- YouTube videos are available from cards right in the feed – users do not need to leave the app to view them
- Hotel rates and booking info can be viewed directly in the search results
- Restaurant menus can be opened from the search results, without opening another window
Google is clearly encouraging users to stay within the app, by eliminating any reason to leave for video viewing or hotel/restaurant research.
As the primary goal for many websites is to drive organic traffic to their site, this update could be troubling for businesses. While they are still getting user attention within the Google app, brands are losing the opportunity to further engage with their audience and guide them to conversions within their site.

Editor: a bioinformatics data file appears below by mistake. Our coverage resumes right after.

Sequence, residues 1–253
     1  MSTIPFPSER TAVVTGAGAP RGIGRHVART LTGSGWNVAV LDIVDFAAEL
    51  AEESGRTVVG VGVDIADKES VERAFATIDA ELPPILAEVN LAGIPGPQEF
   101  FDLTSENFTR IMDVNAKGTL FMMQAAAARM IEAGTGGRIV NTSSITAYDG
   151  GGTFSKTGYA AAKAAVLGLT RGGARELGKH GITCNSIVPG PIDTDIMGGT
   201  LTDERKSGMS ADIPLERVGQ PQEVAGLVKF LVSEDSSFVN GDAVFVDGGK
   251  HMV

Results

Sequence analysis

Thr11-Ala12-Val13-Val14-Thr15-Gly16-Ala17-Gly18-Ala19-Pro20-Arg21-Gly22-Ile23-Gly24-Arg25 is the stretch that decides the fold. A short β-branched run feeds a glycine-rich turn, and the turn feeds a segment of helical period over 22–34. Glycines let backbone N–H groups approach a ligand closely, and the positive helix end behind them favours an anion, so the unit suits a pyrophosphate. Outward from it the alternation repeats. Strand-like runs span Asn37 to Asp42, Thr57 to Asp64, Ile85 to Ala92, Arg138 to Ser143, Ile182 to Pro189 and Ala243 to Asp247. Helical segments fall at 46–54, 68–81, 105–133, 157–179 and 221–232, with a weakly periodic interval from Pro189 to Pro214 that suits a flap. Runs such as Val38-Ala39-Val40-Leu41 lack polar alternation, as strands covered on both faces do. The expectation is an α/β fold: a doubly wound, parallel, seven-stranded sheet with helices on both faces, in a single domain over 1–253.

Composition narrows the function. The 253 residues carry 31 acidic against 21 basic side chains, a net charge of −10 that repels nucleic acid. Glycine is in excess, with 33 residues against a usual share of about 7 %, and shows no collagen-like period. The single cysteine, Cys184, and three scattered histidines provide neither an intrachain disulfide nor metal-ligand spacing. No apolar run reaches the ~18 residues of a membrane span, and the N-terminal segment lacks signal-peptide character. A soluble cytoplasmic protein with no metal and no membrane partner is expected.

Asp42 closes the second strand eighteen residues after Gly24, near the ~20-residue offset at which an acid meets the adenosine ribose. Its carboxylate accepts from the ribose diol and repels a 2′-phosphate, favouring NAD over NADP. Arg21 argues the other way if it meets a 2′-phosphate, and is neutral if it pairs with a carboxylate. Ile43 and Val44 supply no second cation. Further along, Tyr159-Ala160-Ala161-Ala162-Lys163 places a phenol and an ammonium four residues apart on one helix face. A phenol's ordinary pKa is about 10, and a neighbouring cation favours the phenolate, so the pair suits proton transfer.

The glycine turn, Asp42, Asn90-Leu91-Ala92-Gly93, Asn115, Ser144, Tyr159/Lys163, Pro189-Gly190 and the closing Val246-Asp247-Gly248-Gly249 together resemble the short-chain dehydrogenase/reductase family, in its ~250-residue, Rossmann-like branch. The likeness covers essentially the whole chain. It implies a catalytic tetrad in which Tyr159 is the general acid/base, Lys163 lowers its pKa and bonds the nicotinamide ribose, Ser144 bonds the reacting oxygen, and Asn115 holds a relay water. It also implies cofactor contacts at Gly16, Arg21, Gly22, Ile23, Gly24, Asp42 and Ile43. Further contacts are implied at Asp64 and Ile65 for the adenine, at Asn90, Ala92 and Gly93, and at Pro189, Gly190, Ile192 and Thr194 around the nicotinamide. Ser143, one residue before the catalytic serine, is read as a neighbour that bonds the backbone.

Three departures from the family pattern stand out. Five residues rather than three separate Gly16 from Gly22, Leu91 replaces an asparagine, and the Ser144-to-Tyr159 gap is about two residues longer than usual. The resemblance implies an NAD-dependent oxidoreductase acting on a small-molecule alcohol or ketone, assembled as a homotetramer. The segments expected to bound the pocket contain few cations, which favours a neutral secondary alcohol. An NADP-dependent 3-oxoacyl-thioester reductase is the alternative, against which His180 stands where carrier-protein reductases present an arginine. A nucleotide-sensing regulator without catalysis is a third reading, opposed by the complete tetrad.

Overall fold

It will be interesting to see whether many brands notice a drop off in mobile traffic once the update is widely adopted.
Google AdWords – New testing and experimentation guide
To help AdWords users with testing their ad campaigns, Google has introduced a guide for drafts and experiments with AdWords.
The guide, also known as ‘Google Best Practices’, helps advertisers to perform tests on their campaigns and interpret the results for best performance. The goal is to help AdWords users get the most out of their ads and ensure they are taking advantage of any proposed changes.
Google said that “Digital marketing is always evolving. It’s crucial to evolve your approach as well. This ongoing process of optimisation should be built upon a solid framework of testing and experimentation.”
There are three key topics within the guide: Deciding how and what to test, creating experiments that produce clear results and analysing results to choose experiment winners.
To access the guide visit the AdWords help page here. Happy campaigning!